Impossible Views of the World is a novel written by Lucy Ives and the first work I have read by the author. Middle aged Stella Krauss is having a terrible week. Working at an art museum in New York City her life is falling apart. Her divorce from Whitt has been messy, her colleagues aren’t helping, and to top it
all off one of her coworkers has disappeared. Stella is reaching a dead end in her career and doesn’t quite know where to go. Searching through Paul’s folders after his disappearance Stella is intrigued when she stumbles over a 19th century map of a Utopian village. Now not only must she navigate her own messy life, but make sense of all the things Paul has left behind as well.
I love art museums and have fond memories of traipsing through the Cloisters and MET when I lived in New York City. The art scene in New York is vibrant and often takes on a soul of its own. American furnishings make up a large portion of the American Works department at CeMArt where Stella works, and the descriptions of 18th century tables and chests reminded me of Donna Tratt’s The Goldfinch. Also just look at the cover! Easily one of my favorites this year.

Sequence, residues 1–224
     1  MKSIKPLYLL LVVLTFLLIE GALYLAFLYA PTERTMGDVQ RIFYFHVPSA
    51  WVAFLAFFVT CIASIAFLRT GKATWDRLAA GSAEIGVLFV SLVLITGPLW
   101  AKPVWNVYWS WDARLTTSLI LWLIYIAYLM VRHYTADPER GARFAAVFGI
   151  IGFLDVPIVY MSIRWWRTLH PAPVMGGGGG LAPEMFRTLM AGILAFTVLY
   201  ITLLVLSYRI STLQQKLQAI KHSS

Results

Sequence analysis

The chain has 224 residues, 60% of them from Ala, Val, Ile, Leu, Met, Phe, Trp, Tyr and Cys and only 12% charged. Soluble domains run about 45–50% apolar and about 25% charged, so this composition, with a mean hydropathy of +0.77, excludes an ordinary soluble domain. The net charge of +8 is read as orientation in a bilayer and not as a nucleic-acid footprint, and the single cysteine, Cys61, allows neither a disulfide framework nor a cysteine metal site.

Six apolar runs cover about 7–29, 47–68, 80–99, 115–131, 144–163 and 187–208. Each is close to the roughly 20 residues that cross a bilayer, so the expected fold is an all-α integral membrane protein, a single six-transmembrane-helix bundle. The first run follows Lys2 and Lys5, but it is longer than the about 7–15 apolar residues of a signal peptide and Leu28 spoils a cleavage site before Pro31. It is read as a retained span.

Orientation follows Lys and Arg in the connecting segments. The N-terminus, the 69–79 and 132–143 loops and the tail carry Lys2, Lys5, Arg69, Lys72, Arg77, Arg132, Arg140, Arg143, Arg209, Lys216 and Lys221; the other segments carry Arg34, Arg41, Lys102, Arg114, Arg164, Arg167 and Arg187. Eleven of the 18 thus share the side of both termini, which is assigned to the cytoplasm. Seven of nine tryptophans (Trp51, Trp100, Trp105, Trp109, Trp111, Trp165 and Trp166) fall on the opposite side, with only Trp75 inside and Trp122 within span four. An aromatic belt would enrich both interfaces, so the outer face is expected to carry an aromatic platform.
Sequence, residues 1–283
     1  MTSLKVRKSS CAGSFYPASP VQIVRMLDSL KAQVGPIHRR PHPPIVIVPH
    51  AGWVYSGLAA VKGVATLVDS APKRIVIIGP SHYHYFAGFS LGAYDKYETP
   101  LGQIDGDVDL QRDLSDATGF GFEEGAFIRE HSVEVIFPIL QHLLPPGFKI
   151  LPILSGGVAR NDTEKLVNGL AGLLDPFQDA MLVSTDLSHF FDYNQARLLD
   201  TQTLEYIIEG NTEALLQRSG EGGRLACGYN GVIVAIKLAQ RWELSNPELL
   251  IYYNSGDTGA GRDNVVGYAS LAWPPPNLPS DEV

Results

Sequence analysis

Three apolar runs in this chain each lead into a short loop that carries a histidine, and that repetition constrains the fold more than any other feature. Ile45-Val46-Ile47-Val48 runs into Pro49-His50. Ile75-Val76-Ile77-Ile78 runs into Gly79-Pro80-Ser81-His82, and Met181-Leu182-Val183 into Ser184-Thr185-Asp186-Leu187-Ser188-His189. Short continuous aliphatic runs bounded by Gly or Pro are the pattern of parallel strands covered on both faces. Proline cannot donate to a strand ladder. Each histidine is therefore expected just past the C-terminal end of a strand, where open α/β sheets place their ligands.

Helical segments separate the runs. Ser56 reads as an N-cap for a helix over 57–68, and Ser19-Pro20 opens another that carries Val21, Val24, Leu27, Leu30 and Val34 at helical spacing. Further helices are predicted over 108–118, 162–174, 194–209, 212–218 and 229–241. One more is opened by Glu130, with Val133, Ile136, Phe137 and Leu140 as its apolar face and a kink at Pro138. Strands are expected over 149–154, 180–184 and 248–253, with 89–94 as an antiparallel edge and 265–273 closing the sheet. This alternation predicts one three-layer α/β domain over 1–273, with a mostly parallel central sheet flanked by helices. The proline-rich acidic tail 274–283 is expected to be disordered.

However, I just could not get into the book. The plot seemed very jumbled to me and with so many side stories it was often difficult to follow along with the plot. Perhaps Lucy Ives intentionally did this to highlight the hectic nature of Stella’s life, but it seemed superfluous and detracted from the main theme of the book. The ending also seemed lacking, things were left untied and relationships in free fall.
Other reviews I have read criticized the word choice of Lucy Ives, and is true that she included a lot of five dollar words. I however appreciated the writing style and it was clear to me that Ives chose her words with care. Rather than being pretentious, I thought the writing was concise and refreshing. Ives did not rely on overplayed buzz words but instead utilized phrases like “effaced” and “marcelled.” The writing had a distinct academic flavor that suited the voice of Stella. Entrenched in a world of research and wealth it would naturally reflect in her narration, I did not feel like the writing was contrived or out of place.
So while the busyness of the plot only lent a 2/5 in my book, the museum setting and mystery would appeal to fans of From the Mixed-up Files of Mrs. Basil E. Frankweiler.
*Thank you to First to Read, Penguin, and author for providing me with a free copy in exchange for a honest review. All opinions stated here are my own.